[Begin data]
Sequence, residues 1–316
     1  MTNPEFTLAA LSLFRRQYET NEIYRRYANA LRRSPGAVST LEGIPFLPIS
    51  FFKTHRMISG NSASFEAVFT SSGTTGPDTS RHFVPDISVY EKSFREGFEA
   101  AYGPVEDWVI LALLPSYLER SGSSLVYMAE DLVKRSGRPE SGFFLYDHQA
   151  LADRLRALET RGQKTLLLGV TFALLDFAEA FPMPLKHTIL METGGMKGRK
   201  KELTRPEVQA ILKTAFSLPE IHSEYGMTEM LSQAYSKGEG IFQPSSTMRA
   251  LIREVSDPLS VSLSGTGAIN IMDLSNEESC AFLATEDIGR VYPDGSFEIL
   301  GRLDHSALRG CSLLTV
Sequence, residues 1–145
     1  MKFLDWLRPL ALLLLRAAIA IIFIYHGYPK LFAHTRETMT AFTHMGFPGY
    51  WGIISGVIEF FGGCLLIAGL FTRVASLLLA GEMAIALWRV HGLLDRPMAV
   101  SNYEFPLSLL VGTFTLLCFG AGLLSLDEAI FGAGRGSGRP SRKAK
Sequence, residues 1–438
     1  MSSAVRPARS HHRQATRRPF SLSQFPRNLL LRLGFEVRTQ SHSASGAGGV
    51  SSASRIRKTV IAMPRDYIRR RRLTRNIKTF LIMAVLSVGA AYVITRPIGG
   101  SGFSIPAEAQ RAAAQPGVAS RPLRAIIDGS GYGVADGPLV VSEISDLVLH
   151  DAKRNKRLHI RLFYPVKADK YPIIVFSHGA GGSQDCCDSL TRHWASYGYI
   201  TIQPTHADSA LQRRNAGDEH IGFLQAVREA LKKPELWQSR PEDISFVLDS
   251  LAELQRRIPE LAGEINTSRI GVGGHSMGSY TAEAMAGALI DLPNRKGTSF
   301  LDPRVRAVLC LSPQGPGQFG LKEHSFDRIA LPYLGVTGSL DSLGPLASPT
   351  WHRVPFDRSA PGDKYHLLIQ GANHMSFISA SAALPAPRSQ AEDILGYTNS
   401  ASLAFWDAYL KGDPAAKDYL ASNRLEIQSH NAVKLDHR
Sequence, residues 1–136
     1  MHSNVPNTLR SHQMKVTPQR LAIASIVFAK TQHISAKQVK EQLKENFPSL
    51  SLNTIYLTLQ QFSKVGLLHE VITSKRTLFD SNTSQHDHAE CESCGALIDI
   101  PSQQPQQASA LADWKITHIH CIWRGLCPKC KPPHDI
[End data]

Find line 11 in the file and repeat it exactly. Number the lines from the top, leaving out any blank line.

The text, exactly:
    51  WGIISGVIEF FGGCLLIAGL FTRVASLLLA GEMAIALWRV HGLLDRPMAV